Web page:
Yesterday I wrote about expanding the usable space on the static pages of my blog (thanks to the Ancestral Wormhole blog). I particularly like the “Ancestors Tree’s” page in which TonyTimmons had displayed the pedigree trees of his four grandparents. At the time I asked about how he developed the images for those trees.
Impatient one that I am, I began today to develop my own “Ancestral Trees” page. Since I use Libre Office suite (a successor to OpenOffice.org), I opened the Drawing program and created boxes in which I could put text. Within each box I followed an abbreviated standard format for data in pedigree trees: Name; Birth Year and Place; Marriage Year and Place; Death Year and Place. It was necessary for me to enter all the data individually. (I had searched for a tree template that would work satisfactorily, but did not find one.)
I added some color to each of the boxes (and increased the transparency to 75-85% to tone down the color. After placing each of the boxes in their respective spots, I added lines to show the relationships. I saved the resulting image as a Libre Office Drawing file (.odg) and also exported it as a .jpeg file. The .odg file will allow me to add or change data in each of the trees as necessary. The .jpeg file allows me to 1) edit the file in GIMP (image manipulation program). I resized the image (removing a lot of white space) and added the title of the tree. The result of my editing the .jpeg files in GIMP was the four images which were uploaded onto my “Ancestral Trees” page.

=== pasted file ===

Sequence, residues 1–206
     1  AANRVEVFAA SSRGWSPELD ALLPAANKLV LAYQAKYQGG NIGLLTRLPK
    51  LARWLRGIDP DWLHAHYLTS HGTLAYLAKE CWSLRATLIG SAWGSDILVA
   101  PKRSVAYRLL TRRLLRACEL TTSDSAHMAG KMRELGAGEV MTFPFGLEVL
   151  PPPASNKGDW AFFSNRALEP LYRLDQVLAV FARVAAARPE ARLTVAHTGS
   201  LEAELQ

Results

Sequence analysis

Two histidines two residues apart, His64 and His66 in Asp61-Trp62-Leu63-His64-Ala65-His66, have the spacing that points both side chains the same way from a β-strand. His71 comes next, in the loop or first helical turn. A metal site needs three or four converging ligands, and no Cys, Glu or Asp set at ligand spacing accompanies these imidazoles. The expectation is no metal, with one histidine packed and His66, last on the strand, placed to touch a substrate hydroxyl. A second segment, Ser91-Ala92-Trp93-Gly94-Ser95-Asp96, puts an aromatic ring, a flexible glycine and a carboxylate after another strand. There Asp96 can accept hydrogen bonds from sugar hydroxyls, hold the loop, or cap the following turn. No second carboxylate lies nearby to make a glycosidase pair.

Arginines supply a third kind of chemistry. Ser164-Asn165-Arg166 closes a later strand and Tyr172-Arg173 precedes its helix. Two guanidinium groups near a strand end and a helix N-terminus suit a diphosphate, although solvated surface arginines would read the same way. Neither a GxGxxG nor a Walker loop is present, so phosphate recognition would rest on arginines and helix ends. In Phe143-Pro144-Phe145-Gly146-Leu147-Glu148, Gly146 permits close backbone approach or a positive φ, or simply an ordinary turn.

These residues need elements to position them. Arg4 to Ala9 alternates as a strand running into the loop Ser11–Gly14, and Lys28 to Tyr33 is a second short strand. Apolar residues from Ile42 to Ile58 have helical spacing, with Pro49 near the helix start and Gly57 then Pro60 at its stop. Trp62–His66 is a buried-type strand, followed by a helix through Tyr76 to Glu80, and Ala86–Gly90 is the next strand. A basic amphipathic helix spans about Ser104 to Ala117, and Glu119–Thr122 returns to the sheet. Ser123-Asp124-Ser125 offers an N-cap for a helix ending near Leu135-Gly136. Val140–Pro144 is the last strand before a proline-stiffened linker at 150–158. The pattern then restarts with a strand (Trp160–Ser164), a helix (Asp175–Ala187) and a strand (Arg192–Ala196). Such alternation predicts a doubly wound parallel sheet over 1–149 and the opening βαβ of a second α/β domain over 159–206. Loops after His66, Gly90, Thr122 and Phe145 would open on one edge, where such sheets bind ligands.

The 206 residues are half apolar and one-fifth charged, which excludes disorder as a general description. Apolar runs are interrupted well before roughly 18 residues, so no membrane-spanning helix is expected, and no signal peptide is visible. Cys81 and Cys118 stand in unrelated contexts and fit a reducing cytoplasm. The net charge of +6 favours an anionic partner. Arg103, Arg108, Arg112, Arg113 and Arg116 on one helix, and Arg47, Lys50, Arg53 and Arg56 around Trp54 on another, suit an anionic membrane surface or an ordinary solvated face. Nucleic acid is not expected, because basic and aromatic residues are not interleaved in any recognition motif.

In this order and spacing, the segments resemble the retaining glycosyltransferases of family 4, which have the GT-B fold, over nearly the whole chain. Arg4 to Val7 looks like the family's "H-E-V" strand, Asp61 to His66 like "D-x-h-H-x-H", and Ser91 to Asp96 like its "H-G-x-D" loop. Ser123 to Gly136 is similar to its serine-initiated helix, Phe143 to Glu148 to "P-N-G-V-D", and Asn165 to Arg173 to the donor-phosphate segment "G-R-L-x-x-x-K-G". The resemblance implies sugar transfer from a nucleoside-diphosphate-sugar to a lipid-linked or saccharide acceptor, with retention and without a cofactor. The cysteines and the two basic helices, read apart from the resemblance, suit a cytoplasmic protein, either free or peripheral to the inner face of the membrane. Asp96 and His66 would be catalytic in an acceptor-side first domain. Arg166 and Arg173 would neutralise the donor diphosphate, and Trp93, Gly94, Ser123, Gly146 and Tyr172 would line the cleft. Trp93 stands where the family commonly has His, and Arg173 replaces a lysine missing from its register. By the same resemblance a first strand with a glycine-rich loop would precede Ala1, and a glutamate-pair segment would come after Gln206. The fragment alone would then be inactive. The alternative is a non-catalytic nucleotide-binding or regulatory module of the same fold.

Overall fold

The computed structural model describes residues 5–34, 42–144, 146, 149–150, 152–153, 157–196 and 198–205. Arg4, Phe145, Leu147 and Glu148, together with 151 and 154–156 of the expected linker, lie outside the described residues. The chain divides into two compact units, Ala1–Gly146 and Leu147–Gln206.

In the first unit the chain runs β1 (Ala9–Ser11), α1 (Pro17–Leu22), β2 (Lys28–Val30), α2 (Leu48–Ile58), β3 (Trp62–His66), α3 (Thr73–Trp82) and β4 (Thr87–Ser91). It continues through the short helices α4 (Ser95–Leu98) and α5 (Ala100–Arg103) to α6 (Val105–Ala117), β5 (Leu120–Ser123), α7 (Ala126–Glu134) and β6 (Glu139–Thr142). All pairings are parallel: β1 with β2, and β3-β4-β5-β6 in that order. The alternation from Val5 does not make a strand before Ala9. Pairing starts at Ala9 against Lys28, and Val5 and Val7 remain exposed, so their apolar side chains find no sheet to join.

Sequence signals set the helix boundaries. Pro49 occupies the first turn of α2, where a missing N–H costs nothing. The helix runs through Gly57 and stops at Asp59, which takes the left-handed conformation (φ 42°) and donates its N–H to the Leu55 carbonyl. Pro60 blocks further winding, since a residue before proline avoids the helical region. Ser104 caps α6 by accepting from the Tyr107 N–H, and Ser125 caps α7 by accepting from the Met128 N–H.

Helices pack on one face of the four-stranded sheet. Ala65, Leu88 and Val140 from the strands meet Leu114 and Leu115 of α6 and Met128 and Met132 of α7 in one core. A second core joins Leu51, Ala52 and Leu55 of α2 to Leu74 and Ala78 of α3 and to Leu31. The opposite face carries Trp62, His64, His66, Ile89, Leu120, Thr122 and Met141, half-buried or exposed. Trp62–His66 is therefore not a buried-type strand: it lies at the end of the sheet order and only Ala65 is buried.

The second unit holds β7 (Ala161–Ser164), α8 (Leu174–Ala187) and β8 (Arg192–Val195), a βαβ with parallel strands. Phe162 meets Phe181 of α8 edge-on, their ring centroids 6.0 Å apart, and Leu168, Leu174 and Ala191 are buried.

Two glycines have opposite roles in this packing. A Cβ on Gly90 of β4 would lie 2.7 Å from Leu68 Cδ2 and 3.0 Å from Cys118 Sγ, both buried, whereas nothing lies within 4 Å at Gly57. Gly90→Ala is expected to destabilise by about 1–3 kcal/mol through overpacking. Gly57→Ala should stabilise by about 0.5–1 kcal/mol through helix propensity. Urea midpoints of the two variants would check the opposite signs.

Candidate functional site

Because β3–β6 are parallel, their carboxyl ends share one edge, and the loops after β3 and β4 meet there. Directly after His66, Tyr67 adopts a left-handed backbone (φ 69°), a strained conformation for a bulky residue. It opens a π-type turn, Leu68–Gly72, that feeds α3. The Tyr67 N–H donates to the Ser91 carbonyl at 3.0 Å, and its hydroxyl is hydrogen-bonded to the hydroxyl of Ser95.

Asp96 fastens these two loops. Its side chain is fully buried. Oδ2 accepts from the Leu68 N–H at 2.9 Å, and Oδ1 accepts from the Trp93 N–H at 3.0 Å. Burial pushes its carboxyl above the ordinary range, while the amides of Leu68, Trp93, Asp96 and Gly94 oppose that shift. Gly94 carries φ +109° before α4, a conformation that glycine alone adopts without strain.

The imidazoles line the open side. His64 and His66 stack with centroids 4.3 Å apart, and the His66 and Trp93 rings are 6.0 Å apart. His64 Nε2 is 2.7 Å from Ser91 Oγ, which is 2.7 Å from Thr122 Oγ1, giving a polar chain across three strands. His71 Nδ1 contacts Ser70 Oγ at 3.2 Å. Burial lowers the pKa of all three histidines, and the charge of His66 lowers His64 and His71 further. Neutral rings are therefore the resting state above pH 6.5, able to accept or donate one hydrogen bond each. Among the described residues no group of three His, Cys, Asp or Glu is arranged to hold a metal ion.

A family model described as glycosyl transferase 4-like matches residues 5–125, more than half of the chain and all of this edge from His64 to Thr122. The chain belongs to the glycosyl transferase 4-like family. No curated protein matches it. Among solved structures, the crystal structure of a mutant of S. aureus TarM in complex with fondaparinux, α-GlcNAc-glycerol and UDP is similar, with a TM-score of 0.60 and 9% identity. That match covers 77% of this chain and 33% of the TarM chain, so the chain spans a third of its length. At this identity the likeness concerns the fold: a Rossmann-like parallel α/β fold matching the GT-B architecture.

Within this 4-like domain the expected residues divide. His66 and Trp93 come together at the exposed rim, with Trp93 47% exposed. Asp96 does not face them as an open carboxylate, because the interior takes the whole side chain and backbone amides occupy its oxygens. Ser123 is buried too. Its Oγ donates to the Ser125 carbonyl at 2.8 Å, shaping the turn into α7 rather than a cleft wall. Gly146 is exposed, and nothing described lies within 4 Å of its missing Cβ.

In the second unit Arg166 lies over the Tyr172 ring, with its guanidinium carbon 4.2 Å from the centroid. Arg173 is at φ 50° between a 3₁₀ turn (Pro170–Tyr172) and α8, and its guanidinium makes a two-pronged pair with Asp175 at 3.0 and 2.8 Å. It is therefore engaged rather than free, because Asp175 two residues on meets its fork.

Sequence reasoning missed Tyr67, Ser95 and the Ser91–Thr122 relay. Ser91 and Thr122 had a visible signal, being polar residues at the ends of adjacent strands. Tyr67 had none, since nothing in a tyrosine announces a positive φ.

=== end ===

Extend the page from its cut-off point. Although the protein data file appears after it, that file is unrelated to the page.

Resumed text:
I am pleased with the result. (You can check it out by clicking on the “Ancestral Trees” tab above.) These simple trees give me a quick view of where there is missing information in my records, as well as showing me what data I have. Of course, there are not source citations for these trees. They are just visual images and not a replacement for my RootsMagic 4 desktop softward or my TNG online website.